The ESPN broadcast of Super Bowl “Media Day” from Santa Clara was ridiculous… .
Wasn’t it a kick?
Of COURSE it’s all absurd. That’s news? No. That's the idea.
All of this isn’t about the Carolina Panthers or Denver Broncos or even the game itself. It’s about the whole: The Super Bowl is America’s Sports Mardi Gras, nothing less, and it is part of a very, very savvy program of product placement that any number of media members will decry as over the top, but which is amusing. Enjoy it.
[SHOP: Gear up, Bears fans!]
The NFL doesn’t or refuses to get it in too many situations: concussions, the catch rule, player discipline, relocation, (add yours here). Here, just as with the Scouting Combine later this month in Indianapolis, it does. And in this regard, it has a better grasp of what the public wants than the media itself.
For purposes of perspective: Media Day has been a tradition on Tuesday of Super Bowl week. It is typically mid-morning, held in the stadium where the game will be played, and is covered in hindsight – some highlights here and there, reported via websites, newspapers and spots on sports reports.
On Monday it was instead a three-hour television event that did more than just pile up ad revenue.
Tickets for the event were available to the public for $27.50 and they sold out. Along that line, tickets for the public to sit in at player testing at the NFL Scouting Combine inside Lucas Oil Stadium sell out.
The reason is that people want to hear or see it for themselves. Not to capture that interest and channel it into revenue-production would be just stupid.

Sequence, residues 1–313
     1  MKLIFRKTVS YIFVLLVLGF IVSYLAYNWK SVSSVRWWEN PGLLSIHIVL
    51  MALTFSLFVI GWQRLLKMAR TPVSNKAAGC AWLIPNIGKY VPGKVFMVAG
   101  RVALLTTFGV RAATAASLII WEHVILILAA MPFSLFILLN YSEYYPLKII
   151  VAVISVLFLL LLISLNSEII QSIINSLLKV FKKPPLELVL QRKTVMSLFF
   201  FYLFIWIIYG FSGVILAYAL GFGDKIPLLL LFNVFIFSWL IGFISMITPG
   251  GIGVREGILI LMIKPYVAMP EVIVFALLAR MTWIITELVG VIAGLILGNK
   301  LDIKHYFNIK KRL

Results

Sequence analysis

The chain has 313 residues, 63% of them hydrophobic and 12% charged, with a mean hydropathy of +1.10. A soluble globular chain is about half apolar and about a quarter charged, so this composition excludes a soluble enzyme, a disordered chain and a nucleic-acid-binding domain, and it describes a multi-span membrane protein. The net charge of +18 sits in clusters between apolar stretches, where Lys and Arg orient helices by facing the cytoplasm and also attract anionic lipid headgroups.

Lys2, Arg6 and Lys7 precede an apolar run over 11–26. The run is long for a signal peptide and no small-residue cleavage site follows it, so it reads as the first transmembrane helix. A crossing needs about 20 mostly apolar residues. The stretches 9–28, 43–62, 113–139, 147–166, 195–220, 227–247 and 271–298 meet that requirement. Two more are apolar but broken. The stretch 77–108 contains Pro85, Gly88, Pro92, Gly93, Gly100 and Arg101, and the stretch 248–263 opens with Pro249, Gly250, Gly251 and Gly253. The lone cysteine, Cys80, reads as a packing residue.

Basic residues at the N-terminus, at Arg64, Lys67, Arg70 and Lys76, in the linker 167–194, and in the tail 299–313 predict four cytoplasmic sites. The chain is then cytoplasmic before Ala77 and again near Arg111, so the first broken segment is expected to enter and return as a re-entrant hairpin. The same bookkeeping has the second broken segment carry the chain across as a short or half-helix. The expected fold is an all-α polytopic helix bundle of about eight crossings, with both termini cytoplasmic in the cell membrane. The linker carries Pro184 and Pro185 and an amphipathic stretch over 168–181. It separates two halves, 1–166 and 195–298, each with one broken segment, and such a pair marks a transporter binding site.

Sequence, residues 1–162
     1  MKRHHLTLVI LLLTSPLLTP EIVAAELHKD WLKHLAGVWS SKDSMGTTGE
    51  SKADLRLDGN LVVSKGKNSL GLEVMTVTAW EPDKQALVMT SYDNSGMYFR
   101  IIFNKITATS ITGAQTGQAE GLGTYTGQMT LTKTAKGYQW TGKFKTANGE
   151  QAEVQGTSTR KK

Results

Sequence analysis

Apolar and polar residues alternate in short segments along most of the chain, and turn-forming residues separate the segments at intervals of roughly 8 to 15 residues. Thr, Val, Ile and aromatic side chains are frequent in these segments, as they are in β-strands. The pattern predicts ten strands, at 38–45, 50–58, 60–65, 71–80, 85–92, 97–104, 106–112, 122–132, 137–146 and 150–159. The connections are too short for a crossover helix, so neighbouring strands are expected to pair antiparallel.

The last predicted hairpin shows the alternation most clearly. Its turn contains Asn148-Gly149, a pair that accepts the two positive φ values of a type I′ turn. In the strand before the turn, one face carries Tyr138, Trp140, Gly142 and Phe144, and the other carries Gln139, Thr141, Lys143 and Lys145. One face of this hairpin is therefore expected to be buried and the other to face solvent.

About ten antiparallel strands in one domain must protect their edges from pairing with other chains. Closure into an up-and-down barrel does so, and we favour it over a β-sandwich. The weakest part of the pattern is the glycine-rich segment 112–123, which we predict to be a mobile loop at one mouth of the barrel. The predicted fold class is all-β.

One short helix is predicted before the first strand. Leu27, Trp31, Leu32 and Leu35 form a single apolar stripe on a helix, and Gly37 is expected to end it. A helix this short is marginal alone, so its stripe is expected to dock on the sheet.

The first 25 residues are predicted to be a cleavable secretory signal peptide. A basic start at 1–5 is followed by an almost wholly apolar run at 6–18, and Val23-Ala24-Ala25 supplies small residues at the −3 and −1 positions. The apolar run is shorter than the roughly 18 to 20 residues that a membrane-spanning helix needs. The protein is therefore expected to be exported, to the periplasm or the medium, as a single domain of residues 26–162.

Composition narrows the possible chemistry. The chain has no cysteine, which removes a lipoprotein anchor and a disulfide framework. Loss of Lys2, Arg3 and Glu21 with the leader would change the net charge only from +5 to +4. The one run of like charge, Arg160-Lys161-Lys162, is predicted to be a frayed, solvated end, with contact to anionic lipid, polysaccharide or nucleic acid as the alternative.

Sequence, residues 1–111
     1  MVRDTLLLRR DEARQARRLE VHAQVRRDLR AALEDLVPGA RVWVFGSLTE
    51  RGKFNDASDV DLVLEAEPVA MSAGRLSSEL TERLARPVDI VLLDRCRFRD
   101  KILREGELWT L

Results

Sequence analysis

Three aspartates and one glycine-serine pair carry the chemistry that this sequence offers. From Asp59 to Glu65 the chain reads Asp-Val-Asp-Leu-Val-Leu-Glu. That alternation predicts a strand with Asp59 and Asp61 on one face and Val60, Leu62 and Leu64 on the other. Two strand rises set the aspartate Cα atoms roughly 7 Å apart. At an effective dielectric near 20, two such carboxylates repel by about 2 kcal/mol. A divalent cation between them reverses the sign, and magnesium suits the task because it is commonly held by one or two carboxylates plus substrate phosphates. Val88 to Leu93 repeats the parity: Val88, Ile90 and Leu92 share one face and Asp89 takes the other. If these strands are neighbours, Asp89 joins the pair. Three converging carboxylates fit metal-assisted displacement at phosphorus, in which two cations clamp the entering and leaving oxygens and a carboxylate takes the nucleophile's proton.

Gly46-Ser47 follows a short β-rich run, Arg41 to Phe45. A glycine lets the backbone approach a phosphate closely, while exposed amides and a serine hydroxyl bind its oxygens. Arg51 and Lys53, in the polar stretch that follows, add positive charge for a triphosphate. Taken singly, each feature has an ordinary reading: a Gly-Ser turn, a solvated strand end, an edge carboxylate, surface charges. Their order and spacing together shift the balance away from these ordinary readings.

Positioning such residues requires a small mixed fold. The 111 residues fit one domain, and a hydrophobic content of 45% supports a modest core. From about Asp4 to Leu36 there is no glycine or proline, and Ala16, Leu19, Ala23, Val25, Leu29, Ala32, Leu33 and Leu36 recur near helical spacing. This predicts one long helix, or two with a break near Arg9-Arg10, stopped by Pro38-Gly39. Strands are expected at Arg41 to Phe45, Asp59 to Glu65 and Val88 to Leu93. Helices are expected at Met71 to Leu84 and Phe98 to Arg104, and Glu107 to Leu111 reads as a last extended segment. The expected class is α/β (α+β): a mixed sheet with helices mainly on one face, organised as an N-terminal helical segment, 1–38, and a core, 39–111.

When I first started covering NFL Scouting Combines, those running the thing didn’t really want media around, and said so. For the longest time, max of a couple dozen reporters hung out all day and then some in a small hotel lobby, interviewing players coming back from workouts, hoping that someone among us knew who the player was, since there were no identifiers.
Now the Combine is a national event, with some of the workouts, 40-yard-dashes, etc. televised. The players are brought to and announced at podiums or tables, with 900-1,000 media working and every team’s coach and general manager spending time in front of questions.
What all of that and Media Day do is push reporters to come up with stories and information beyond the mass sessions. That’s not easy to do. Much like a game itself, folks have already seen most of the highlights.
Very little about Super Bowl Week is the real world. That’s kind of the idea, actually. Media Day has always been one of the hood ornaments for the week of wretched excess. This was just taking it to a wider audience. And you know Cam Newton wasn’t the only one digging all of that.